Austin mayor takes on advisory role with proptech unicorn Pacaso

Steve Adler joins five-person board focusing on housing policy.

From left: Steve Adler, mayor of Austin, and Pacaso co-founder and chairman Spencer Rascoff (Getty Images)
From left: Steve Adler, mayor of Austin, and Pacaso co-founder and chairman Spencer Rascoff (Getty Images)

The mayor of Silicon Hills is taking on a role at a firm from Silicon Valley.

Austin Mayor Steve Adler, who is presiding over a tech boom in the Texas capital, has joined an advisory board at proptech unicorn Pacaso that will focus on housing policy and community engagement, according to the firm.

Adler will join a group of former and current elected officials in the five-person board. Steve Benjamin, the former mayor of Columbia, South Carolina, has been named as board chair. Other members of the group include current Denver Mayor Michael Hancock, Florida State Representative Danny Perez and Former California Secretary of Business, Consumer Service and Housing Alexis Podesta.

Benjamin lauded Pacaso’s business model, which helps multiple buyers purchase partial ownership in second homes. Benjamin claimed in a statement announcing the new board that by facilitating fractional ownership of second homes, Pacaso aids the housing market by “taking pressure off of housing inventory for first-time buyers and middle-class families.”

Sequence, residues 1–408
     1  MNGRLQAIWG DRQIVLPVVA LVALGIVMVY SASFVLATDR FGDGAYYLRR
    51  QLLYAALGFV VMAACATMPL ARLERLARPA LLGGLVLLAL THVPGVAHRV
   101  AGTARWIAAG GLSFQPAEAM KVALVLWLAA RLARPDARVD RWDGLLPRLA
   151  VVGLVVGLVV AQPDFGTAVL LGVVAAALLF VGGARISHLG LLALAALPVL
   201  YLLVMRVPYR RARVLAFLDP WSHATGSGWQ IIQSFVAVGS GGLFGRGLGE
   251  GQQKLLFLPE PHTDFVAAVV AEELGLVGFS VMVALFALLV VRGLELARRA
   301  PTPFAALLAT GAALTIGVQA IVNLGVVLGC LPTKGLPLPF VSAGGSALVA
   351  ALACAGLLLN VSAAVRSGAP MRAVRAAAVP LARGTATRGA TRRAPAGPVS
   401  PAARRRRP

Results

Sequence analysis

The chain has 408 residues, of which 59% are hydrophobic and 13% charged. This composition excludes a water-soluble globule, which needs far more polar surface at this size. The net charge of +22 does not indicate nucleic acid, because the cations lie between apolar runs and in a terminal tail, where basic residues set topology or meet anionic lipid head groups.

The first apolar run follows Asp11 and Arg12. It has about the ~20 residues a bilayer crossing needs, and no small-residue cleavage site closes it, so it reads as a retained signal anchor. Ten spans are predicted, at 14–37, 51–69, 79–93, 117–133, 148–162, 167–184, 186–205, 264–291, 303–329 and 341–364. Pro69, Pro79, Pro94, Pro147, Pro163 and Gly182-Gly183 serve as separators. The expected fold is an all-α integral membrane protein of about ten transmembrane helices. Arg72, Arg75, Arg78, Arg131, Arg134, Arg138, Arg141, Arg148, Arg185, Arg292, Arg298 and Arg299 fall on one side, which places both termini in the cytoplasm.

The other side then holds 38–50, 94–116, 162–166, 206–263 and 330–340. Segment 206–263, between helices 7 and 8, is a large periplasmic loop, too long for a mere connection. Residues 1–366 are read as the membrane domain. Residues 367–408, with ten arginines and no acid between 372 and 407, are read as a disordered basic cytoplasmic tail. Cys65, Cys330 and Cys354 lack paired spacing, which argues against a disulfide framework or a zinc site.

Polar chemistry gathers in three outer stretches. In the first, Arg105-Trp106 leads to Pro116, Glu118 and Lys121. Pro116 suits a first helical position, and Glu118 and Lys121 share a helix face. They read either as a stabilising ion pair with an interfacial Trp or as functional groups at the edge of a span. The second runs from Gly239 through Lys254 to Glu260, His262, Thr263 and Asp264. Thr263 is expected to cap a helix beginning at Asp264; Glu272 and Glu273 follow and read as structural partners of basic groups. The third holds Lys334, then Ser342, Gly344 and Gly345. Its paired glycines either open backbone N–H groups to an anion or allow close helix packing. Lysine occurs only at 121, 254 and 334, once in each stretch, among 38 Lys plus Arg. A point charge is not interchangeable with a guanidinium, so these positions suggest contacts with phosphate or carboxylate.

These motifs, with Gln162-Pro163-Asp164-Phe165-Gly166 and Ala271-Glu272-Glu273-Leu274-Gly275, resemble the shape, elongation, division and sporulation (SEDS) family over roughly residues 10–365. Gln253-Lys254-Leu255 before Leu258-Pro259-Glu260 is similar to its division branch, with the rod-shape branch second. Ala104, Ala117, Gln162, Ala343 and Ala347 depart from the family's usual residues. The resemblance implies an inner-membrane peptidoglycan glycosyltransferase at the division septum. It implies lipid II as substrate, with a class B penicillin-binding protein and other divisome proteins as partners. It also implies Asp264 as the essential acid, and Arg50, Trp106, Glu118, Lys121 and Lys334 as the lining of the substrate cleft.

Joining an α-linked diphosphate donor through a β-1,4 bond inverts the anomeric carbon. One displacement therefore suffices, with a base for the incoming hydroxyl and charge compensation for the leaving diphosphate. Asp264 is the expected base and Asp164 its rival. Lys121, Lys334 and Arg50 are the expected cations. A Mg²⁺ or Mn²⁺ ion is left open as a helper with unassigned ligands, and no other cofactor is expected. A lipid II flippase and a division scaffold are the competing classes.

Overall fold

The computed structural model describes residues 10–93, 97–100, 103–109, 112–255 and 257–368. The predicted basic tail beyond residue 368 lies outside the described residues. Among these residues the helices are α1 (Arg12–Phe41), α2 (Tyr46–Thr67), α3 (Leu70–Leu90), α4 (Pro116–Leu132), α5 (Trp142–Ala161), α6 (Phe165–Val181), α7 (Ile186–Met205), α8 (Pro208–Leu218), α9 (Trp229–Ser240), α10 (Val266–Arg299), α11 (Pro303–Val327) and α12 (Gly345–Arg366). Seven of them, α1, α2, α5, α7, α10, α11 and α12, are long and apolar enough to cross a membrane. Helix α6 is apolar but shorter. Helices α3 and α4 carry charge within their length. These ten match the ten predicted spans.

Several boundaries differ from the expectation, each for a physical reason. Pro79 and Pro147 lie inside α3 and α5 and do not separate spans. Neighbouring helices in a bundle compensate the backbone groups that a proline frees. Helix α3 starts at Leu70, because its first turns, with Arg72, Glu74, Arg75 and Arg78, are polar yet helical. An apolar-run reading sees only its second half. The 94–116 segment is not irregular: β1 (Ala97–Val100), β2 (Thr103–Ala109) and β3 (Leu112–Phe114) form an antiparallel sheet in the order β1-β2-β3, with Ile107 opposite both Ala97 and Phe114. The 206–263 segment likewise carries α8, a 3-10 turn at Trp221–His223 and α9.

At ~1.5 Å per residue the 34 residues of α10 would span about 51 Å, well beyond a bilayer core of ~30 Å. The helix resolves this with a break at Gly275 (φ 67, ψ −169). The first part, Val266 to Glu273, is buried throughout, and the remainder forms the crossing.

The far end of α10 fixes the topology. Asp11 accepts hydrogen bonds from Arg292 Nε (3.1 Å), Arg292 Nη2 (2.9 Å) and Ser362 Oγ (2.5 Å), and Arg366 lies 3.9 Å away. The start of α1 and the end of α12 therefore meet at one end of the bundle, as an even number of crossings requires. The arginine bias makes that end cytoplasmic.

The formation of the advisory group comes as Pacaso deals with a backlash in its home state of California. The center of resistance against the company is Napa, where homeowners and local officials have mounted an organized opposition. Locals in several wine-country towns have organized into anti-Pacaso groups, giving rise to organizations such as Sonomans Together Opposing Pacaso (STOP) and Neighborhood Opposing Pacaso Encroachment (NOPE).

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The dispute involving the start-up eventually made its way into the courts. In March, the planning commission of the town of St. Helena recommended a ban of the service, expanding a ban on timeshares to cover the firm’s fractional home ownership model. A similar ban is already in place further south in Palm Springs. In response, the company sued the town of St. Helena, claiming that its properties are not timeshares.

The San Francisco-based firm, which was founded by Zillow founder Spencer Rascoff, generated almost $300 million during its first year of operation in 2021. It claims to hold the record for being the fastest American company to reach unicorn status. The firm claims that it reached a $1 billion valuation within six months of launching.

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